Dennis Matthews of Mayfield is a Vietnam vet who, with the help of his son, Daniel, has started a 501(c)3 nonprofit organization titled New Smiles For Veterans. The organization’s goal is to provide dental care to needy veterans, since dentistry is not available through the VA hospital system. - Robert Stevens / Messenger photo

Dennis Matthews of Mayfield is a Vietnam vet who, with the help of his son, Daniel, has started a 501(c)3 nonprofit organization titled New Smiles For Veterans. The organization’s goal is to provide dental care to needy veterans, since dentistry is not available through the VA hospital system. – Robert Stevens / Messenger photo

 

 

New Smiles for Veterans
Personal experience prompts Mayfield vet to launch statewide dental program

 

Robert Stevens

Managing editor

2-2-2017

 

MAYFIELD—A Vietnam veteran from Mayfield has dedicated himself to putting smiles on the faces of his fellow veterans.

Last year, Dennis Matthews founded New Smiles For Veterans with the mission, as he puts it of “providing United States veterans with much needed dental care, which is not sufficiently provided through the Office of Veteran’s Affairs.”

“We started this to help veterans get the dental care they need,” Matthews said. “Some dental work is available to veterans during their active service, but with the VA hospital, after you’re out of the military, you don’t get any dental help at all.”

Matthews and his sons, Daniel and Andrew, got the nonprofit going and received full recognition as a 501(c)3 from the IRS in November 2016.

Dennis got the idea from personal experience. “I am a Vietnam vet,” Dennis Matthews said. “Through the years, I have had to have some work on my teeth, and sometimes you just can’t afford it, and so you let it go longer than you should. My dental issues got me on the idea of starting something to help all vets.”

Matthews says all of the veterans he has interviewed have admitted to needing dental care, often of a serious and expensive nature—and most of them can’t afford it.

Matthews says there are several components of the New Smiles program.

The first and principal component is arranging for dentists across the state to “adopt a veteran.”

Matthews asks dentists to commit to providing free dental care to one veteran per month—only the dentists he has asked have ended up being more enthusiastic about the idea than Matthews ever dreamed.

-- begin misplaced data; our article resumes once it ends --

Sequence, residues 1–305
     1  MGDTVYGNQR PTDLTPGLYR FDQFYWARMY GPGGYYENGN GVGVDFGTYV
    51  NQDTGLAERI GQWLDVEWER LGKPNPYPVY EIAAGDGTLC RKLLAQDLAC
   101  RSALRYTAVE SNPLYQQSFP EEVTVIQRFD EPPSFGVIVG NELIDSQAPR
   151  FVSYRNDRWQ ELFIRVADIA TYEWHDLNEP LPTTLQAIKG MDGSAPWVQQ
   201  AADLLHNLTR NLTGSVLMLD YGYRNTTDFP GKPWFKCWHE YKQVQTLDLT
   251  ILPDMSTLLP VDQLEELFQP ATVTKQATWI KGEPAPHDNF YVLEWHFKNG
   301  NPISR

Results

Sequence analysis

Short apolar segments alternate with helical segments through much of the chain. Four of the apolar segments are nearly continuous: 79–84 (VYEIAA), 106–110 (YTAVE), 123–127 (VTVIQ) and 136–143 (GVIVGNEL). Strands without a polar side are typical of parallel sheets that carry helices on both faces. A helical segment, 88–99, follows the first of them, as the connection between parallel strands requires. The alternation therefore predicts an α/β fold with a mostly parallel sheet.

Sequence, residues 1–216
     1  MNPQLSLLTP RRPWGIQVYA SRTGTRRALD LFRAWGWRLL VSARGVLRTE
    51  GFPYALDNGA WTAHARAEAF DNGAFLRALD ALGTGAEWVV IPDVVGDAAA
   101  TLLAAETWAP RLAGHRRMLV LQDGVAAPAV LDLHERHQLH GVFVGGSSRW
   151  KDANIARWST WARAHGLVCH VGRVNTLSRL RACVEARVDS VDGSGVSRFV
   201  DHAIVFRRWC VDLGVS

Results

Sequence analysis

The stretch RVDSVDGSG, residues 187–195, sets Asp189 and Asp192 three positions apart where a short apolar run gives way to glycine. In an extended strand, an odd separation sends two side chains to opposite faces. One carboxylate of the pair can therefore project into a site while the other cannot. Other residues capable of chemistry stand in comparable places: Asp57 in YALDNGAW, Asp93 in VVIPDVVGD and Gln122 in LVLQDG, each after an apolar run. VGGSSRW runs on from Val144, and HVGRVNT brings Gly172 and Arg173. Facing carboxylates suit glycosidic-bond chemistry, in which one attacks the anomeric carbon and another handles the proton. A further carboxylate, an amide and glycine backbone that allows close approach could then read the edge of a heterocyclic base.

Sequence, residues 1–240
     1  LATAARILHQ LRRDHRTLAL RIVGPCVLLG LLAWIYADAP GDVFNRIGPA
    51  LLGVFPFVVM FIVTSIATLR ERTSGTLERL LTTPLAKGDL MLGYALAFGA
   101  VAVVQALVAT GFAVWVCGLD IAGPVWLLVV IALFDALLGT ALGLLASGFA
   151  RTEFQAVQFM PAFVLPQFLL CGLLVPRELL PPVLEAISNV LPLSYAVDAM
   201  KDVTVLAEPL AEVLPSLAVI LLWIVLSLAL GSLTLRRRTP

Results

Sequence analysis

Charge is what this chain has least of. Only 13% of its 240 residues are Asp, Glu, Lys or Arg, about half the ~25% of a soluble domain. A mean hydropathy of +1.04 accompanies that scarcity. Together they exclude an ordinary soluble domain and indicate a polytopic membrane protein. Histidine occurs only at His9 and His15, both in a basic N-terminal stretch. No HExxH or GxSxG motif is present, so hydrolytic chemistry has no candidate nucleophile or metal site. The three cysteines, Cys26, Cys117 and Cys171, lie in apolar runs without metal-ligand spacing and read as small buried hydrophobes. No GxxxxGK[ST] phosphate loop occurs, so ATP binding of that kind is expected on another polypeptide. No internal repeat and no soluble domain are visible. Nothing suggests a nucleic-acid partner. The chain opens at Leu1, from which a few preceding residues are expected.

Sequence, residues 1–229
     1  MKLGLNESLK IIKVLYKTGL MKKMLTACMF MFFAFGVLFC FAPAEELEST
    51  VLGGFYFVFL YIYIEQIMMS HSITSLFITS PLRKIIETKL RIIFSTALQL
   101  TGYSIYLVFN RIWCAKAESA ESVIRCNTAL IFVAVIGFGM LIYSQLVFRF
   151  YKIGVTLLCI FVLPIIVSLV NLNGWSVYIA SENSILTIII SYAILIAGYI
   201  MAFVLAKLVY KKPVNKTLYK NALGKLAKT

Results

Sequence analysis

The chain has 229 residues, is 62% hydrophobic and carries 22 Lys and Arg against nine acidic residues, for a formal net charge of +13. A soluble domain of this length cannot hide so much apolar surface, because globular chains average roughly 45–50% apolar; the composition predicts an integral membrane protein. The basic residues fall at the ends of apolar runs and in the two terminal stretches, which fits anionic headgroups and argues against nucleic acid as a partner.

Since beginning to recruit dental professionals, Matthews has approached eight dentists, and he says all of them were glad to participate. In fact, Matthews says, they were often willing to help more than one veteran per month, saving some veterans upwards of $1,000 on desperately-needed dental care.

“They don’t stop with one veteran a month,” Matthews said.  “When they finish, they take another one as soon as they can fit them in.”

Matthews says he and his son, Daniel, plan to contact every one of the 600-plus dentists in Utah to encourage their involvement with the program.

Matthews personally drives from one dental office to another, talking to each dentist about the opportunity to make a contribution toward veterans in need. And he says not one dentist has turned him down so far.

“When Dennis approached me about the program I was happy to participate,” said Wes Thompson, DDS, at Ephraim Family Dental Center, one of the participating clinics. “It’s been rewarding working with the veterans and Dennis. I hope the project continues to grow and more dental clinics are willing to support the veterans and help pay them back for their service to their country.”

Another component of the New Smiles for Veterans program is an arrangement Matthews made with the dental hygiene program at the University of Utah to offer free teeth cleaning to all Utah veterans.

“That by itself is a big deal,” Matthews said. “There are more than 150,000 veterans in Utah alone.”

Matthews, who is 60 percent disabled from his service in Vietnam, has so far been paying for all the administration and travel costs out of his pocket, all the while looking for support through other avenues. Recently, he says he has had some financial commitments from the American Legion and the Veterans of Foreign Wars.

Until the nonprofit can get more outside help with its operational costs, Matthews is arranging some grass-roots fundraising efforts in Sanpete County. The first of the fundraising events is a bowling tournament at Sno-Cap Lanes on Feb. 18 at 11 a.m.

The bowling tournament has an entry fee of $25. You can register online at the nonprofit’s website, newsmilesforveterans.org, or in person at Sno-CapLanes. Matthews says there will be door prizes and a first-place prize for the winner of the bowling tournament.

“Come join us to help benefit veterans,” Matthews said, “and have some fun while you’re at it, as well as a chance to win some prizes.”

Matthews says he is looking for more dentists to help out, as well as donations for operations and travel costs. Matthews can be contacted at 851-3317 or at newsmilesforvets@gmail.com.

Further information can be found at newssmilesforveterans.org.

 

A dentist and dental assistant work on veteran Cory Champagne 's teeth. A Sanpete-based nonprofit organization was launched late last year to help veterans across Utah get proper dental care.

A dentist and dental assistant work on veteran Cory Champagne ‘s teeth. A Sanpete-based nonprofit organization was launched late last year to help veterans across Utah get proper dental care.